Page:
Director of Communications, College of Liberal Arts and Sciences
By Kate McAvey, '11
As the U.S. presidential primaries continue to make national headlines and capture the attention of the country (not to mention the rest of the world), the Department of Political Science and the Ryan Project sponsored a lecture by Dante Scala, Ph.D., an associate professor of political science from the University of New Hampshire, titled, “The Presidency: Who’s Next?,” on Thursday, Feb. 20, in the first floor lounge of Falvey Memorial Library.
Dr. Scala, a 1990 Villanova graduate who majored in political science and honors, and a well-known political expert, shared his opinions regarding the election, explaining what he envisions for the political future of the United States.
The lecture began by remembering the late Matthew J. Ryan, a distinguished graduate of Villanova University, who served in the Pennsylvania House of Representatives for more than 40 years. People in the audience explained how Ryan dedicated his life to politics and how he inspired others to seek positive change through politics. Memories were shared to remember the ways Ryan selflessly served his country as a member of the Pennsylvania House.
Scala then began his talk, first sharing an amusing story from the hit television sitcom, “Seinfeld,” right from the mouth of the iconic character George Costanza. Scala explained that when it comes to talking politics, it is always best to say the opposite. Scala recalled that when looking back at his previous remarks about the election, “Speaking against conventional wisdom would have been a brilliant maneuver.” The crowd chuckled at the professor’s advice. When it comes to politics, polls, and winners, the only constant seems to be change.
Scala continued his speech, comparing the battle between Barack Obama and Hillary Rodham Clinton to a tennis match between two very talented servers. He continued the tennis analogy, explaining how for the past months, both Obama and Clinton have been rallying back and forth, taking turns winning their serves. It was not until recently, in the Wisconsin Primary, that Obama had the upper hand and started to take the lead in the match; he broke serve and won in unfriendly territory.
The victory in Wisconsin for Obama is significant for Pennsylvania, a state that previously would have had a large say in the election when it came to its own primary. Now, Clinton has lost serious momentum and needs to win both Ohio and Texas in order to rebound and get back in the race, Scala said.
After opening up the lecture with recent election events, Scala turned to the past and took a look back at the candidates’ journeys over the past couple months. He told the audience, using gambler’s language, that if it put money on Obama in the fall 2007, it would have cashed in big bucks now, and money placed on John McCain would have brought home the jackpot. At that point in time, Clinton was the leader in the polls, and her rise and nomination seemed inevitable. He then explained how underdogs such as McCain and Obama were able to make such a comeback in the polls and gain the support that they have today.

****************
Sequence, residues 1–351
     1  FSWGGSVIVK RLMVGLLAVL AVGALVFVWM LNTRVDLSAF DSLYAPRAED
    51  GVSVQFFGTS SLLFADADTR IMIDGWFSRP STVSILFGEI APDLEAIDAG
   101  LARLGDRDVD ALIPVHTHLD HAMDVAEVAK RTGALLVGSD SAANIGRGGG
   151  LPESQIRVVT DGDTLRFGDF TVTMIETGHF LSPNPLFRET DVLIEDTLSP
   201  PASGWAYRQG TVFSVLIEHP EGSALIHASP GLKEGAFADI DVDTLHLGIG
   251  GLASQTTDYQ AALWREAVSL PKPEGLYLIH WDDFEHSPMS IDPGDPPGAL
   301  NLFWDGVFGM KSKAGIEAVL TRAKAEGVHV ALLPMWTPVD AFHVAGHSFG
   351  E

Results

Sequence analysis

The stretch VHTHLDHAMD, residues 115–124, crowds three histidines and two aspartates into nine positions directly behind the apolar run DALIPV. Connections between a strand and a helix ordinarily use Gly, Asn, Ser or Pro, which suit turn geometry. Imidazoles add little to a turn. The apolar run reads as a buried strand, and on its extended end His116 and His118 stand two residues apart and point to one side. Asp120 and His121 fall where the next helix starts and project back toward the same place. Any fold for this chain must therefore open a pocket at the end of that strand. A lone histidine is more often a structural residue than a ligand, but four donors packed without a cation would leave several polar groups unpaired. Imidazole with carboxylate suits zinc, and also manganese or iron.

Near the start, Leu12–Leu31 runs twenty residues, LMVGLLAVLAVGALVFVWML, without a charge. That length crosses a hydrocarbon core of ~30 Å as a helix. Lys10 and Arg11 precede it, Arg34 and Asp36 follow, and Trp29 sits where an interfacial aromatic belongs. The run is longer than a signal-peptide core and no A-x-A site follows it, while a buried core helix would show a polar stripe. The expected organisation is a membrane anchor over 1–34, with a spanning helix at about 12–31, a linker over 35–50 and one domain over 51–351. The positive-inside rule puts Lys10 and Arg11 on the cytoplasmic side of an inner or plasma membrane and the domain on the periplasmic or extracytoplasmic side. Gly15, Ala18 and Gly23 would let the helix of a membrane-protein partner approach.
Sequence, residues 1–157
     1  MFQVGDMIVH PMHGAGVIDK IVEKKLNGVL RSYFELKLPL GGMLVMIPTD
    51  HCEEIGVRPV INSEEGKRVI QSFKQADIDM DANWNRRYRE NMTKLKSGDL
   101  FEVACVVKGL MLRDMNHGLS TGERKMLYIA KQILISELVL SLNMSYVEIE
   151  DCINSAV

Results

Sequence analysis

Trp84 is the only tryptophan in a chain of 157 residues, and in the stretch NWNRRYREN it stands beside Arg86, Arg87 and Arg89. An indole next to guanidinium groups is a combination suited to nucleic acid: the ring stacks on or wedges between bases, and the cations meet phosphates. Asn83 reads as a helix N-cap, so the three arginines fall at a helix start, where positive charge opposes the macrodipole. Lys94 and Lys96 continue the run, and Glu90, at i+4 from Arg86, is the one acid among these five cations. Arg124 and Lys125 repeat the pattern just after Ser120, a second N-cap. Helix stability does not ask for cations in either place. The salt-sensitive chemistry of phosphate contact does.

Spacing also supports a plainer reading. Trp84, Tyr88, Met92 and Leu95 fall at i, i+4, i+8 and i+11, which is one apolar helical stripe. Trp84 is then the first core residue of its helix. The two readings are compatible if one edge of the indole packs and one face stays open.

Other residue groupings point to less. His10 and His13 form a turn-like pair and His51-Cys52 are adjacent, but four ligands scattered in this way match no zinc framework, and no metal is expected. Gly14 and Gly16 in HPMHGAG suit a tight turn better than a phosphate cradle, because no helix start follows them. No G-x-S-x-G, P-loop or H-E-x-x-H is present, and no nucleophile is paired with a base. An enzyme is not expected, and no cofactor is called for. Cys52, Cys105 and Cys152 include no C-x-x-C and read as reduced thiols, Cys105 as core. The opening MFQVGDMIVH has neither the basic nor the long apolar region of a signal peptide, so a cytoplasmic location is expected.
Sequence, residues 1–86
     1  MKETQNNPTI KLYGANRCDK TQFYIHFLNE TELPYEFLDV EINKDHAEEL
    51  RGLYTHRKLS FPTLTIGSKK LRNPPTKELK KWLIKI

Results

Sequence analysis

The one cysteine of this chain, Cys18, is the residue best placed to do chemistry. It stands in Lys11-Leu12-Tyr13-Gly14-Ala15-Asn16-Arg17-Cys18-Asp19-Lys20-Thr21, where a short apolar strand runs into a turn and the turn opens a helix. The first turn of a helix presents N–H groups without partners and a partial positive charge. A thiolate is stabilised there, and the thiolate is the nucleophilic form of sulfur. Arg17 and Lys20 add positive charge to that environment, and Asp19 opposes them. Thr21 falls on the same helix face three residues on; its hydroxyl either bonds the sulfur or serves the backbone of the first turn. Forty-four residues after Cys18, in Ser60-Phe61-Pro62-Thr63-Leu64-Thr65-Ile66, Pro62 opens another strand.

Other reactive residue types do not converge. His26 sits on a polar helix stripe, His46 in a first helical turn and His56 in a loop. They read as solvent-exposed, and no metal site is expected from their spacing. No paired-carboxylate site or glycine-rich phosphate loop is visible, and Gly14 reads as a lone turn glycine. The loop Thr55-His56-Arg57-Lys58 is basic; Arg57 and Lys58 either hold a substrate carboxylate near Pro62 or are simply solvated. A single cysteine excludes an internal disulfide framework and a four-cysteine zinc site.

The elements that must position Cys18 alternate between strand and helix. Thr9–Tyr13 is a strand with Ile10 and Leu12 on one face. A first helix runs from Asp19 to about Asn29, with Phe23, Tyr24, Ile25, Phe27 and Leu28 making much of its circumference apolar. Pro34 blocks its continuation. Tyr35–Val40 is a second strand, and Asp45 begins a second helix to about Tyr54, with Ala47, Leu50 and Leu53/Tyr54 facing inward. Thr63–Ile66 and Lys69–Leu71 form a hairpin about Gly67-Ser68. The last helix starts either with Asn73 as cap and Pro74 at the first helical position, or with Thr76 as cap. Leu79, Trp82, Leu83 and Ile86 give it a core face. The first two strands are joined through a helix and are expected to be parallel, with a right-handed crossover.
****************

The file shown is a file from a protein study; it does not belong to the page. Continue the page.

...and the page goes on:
Scala said that a primary campaign boils down to three things: money, momentum, and message. While in previous elections, success has been a matter of mostly money and momentum, the idea of message has played a much more important role this time. This gives McCain and Obama the opportunity to gain considerable political ground.
Scala then began to focus on how powerful each candidate can be considered by breaking it down into an equation: the percentage of votes in affluent areas over the percentage of votes in working-class areas, which equals the elite score of the candidate. With this math, both are considered elite candidates, but with Clinton ahead of Obama in this analysis. Obama’s coalition includes upscale progressives, the youth vote, and African Americans, while Clinton’s alliance includes working-class woman, senior citizens, and Hispanics. Scala said that both of these candidates create a perfect balance of forces in the democratic party, which political experts are now saying has formed “nomentum” instead of momentum.
The state of Pennsylvania is still considered a battle-ground state, with no clear Democratic party winner in sight, Scala said. Political pundits contend that if the primary were held today, the rural center of the state would go to Clinton, while the African-American counties would vote for Obama, Scala said. It is the upscale suburban areas that will be the deciding factor, he added.
Scala closed his presentation on a funny note, harkening back once again to “Seinfeld” and reminding everyone that the most important thing to remember when it comes to election time is this piece of advice from George Costanza: “Just say the opposite”.
Kate McAvey, ‘11, is a first-year student from Mahwah, N.J. She plans to major in Communication. Kate is working as an intern in the Office of Communications in the College of Liberal Arts and Sciences at Villanova University. Kate’s professional ambitions include broadcasting, public relations, and journalism.